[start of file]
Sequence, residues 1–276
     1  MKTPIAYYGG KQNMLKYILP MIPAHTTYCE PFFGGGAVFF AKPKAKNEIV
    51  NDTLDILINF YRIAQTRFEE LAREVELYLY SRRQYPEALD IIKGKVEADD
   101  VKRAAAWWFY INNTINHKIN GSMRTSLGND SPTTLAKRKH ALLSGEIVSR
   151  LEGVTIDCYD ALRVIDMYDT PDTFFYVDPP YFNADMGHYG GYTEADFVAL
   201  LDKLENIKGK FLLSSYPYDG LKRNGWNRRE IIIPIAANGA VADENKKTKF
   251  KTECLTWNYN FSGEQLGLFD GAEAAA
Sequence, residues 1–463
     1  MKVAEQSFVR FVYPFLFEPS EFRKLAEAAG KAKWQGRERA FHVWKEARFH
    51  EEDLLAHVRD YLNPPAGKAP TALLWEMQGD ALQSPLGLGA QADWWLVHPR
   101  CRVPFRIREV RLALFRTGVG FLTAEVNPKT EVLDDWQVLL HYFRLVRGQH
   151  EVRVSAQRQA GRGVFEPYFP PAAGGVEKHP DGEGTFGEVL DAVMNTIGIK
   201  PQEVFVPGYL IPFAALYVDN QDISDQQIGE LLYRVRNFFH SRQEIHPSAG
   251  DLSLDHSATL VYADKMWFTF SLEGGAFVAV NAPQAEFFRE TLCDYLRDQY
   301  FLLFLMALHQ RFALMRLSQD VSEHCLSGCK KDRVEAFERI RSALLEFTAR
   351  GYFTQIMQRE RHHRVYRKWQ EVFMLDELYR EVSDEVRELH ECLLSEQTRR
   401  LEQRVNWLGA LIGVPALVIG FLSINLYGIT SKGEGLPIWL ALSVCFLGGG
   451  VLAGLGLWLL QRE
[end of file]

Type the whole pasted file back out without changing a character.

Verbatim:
Sequence, residues 1–276
     1  MKTPIAYYGG KQNMLKYILP MIPAHTTYCE PFFGGGAVFF AKPKAKNEIV
    51  NDTLDILINF YRIAQTRFEE LAREVELYLY SRRQYPEALD IIKGKVEADD
   101  VKRAAAWWFY INNTINHKIN GSMRTSLGND SPTTLAKRKH ALLSGEIVSR
   151  LEGVTIDCYD ALRVIDMYDT PDTFFYVDPP YFNADMGHYG GYTEADFVAL
   201  LDKLENIKGK FLLSSYPYDG LKRNGWNRRE IIIPIAANGA VADENKKTKF
   251  KTECLTWNYN FSGEQLGLFD GAEAAA
Sequence, residues 1–463
     1  MKVAEQSFVR FVYPFLFEPS EFRKLAEAAG KAKWQGRERA FHVWKEARFH
    51  EEDLLAHVRD YLNPPAGKAP TALLWEMQGD ALQSPLGLGA QADWWLVHPR
   101  CRVPFRIREV RLALFRTGVG FLTAEVNPKT EVLDDWQVLL HYFRLVRGQH
   151  EVRVSAQRQA GRGVFEPYFP PAAGGVEKHP DGEGTFGEVL DAVMNTIGIK
   201  PQEVFVPGYL IPFAALYVDN QDISDQQIGE LLYRVRNFFH SRQEIHPSAG
   251  DLSLDHSATL VYADKMWFTF SLEGGAFVAV NAPQAEFFRE TLCDYLRDQY
   301  FLLFLMALHQ RFALMRLSQD VSEHCLSGCK KDRVEAFERI RSALLEFTAR
   351  GYFTQIMQRE RHHRVYRKWQ EVFMLDELYR EVSDEVRELH ECLLSEQTRR
   401  LEQRVNWLGA LIGVPALVIG FLSINLYGIT SKGEGLPIWL ALSVCFLGGG
   451  VLAGLGLWLL QRE